Retired now...Doing only what I want and not what I should...every day is a saturday.

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Re: Solid state bombardment fusion

Post by Tom Dressel » Wed Oct 31, 2001 3:18 pm

Why would it have to be a hollow sphere, wouldn't a small solid sphere work? Isn't the loading of paladium a total volume thing, but the fusion takes place only within the first few microns of the surface any way?

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Re: Solid state bombardment fusion

Post by Richard Hull » Wed Oct 31, 2001 3:38 pm

Correct, but the larger the area the more fusion, neutrons, tritium and energy out.

Richard Hull
Progress may have been a good thing once, but it just went on too long. - Yogi Berra
Fusion is the energy of the future....and it always will be
Retired now...Doing only what I want and not what I should...every day is a saturday.

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Re: Solid state bombardment fusion

Post by guest » Wed Oct 31, 2001 5:20 pm

So really the best solution would be thin palladium wire mushed up into a cotton ball or Brillo-Pad type arrangement.

One question: Can anybody point me to information on the loading of palladium? What exactly goes on there?

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Re: Solid state bombardment fusion

Post by Tom Dressel » Wed Oct 31, 2001 7:32 pm

As I understand it, the deuterium loading takes place when the palladium is placed in an electrolysis bath, usually containing a lithium salt, and D20. At relatively low voltages, with the palladium as the cathode the deuterium is driven into the metallic lattice of the palladium and the oxygen just bubbles off at the anode. As I recall the loading process creates tremendous internal stresses in the palladium with a several percent increase in the actual volume of the metal.

Once the palladium is loaded, continued application of low voltages drives more deuterium into the palladium matrix at a density high enough to allow fusion at essentially room temp.

The whole process actually is a lot more straight forward than the high voltage, high vacuum IEC fusor experiments. The problem is that it takes precise attention to detail to do the calorimetery correctly, and literature is replete with failed attemps to replicate experiments.

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Re: Solid state bombardment fusion

Post by Richard Hull » Wed Oct 31, 2001 8:27 pm

Tom gives sage advice here. The CF literature is a mix of no extra power seen to 300% over input power outputs. Of late, more sucesses are claimed as the calorimetry tightens up and the the claims have also been, for the most part, more modest.

A lot of the initial dabblers; both the committed, foaming mouth debunkers and the propeller headed cold fusion freaks have left the field. This has left a more or less underfunded, labor of love, committed scientists and experimenters to quietly and relentlessly persue the effect. The overall indicator is that there is an effect, but subtle and not understood in spite of a number of theories advanced to explain the results.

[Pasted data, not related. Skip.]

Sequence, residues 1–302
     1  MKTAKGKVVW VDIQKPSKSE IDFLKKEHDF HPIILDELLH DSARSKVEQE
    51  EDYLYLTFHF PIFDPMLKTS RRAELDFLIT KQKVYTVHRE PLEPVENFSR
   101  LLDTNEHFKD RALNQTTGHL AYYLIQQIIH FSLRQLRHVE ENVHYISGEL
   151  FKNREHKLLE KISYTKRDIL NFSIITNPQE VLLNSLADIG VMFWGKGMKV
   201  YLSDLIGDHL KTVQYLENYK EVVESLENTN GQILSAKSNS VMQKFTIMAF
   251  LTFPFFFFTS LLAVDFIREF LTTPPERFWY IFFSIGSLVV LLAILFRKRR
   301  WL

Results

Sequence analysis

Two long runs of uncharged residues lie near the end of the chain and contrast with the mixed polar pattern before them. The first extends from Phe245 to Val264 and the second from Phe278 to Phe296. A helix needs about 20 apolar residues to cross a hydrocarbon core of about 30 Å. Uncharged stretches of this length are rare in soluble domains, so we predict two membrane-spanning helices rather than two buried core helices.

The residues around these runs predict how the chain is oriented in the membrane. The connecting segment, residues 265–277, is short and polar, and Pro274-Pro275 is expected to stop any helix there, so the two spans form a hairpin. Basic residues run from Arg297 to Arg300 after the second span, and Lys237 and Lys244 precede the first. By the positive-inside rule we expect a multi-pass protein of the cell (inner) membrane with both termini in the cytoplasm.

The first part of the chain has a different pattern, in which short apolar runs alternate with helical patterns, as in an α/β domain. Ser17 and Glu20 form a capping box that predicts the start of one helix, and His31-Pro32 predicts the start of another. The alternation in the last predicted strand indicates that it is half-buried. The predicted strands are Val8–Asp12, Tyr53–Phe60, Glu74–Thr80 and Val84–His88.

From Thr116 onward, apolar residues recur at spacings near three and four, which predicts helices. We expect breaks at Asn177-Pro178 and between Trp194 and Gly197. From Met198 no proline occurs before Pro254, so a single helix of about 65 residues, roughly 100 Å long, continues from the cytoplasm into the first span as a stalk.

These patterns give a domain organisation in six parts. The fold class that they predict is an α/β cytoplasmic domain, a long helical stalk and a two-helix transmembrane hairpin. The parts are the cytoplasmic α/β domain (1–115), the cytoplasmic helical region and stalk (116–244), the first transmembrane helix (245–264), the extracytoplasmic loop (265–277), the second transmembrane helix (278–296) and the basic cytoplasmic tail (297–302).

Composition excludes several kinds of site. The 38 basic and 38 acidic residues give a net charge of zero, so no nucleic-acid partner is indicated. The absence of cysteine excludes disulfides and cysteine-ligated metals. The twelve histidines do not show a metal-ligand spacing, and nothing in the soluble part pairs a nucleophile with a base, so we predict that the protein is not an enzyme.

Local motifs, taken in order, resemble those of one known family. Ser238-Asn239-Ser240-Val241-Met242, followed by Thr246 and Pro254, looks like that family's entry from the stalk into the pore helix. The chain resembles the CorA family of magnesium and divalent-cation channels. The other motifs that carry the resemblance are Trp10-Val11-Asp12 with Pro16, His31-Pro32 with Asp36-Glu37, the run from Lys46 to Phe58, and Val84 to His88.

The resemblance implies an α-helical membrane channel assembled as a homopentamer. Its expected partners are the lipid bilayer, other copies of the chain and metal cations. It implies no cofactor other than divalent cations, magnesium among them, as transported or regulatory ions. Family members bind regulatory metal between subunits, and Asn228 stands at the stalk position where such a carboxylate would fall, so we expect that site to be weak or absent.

Ya' just know that, if real, the effect is gonna' be out of the ball park of normal modus operandi and thought.... Something that, when seen for what it is, will show the littleness and narrowness of man's efforts, conquered by luck or nearly devine insight.

All that will be required is a trained, scientific person with good imagination, wide open eyes and mind, plus, some devine guidance....OR....some misguided doltish sluggard tripping over his electrolytic cell's leads and the palladum falling into his dog's food bowl and instantly reacting with one of its components to create the new future of energy with the release of ten thousand joules of excess heat! Lady luck is always tapping idiots on the shoulders too, remember.

Richard Hull
Progress may have been a good thing once, but it just went on too long. - Yogi Berra
Fusion is the energy of the future....and it always will be
Retired now...Doing only what I want and not what I should...every day is a saturday.

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Re: Solid state bombardment fusion

Post by teslapark » Wed Oct 31, 2001 10:54 pm

Looks like buying Paladium is above most amateurs' pocket books. Titanium and Ytterbium may be the next best things. Titanium seems somewhat cheap coming in at about $5 per kilogram in large quanitites, probably a little more for the small sizes.
Ytterbium, a rare earth, will probably leave you worse off than you were before as it comes in at about $1600 per kilogram. That means that poor and unlucky amateurs will probably have to stick with Titanium if they want to break into CF stuff. A hollow sphere would work, but foil is probably the best way to go as far as ease of loading, working on goes. The foil could be wrapped tightly over a spherical form of the proper size.

Fusor operation would differ from this in several ways. The mean free path in the chamber would not have to be as great as the is no need for ion circulation. Deuteron current would probably need to be high and not having to worry about burning up a wire grid could be a plus. It looks like the device would still suffer from too few deuterons falling through a full potential well. There are of course, a few ways one could try to lessen the problem.
I don't even know though how well Titanium would work in place of Paladium. Such a machine might have a more stable neutron output than a fusor though.

Adam Parker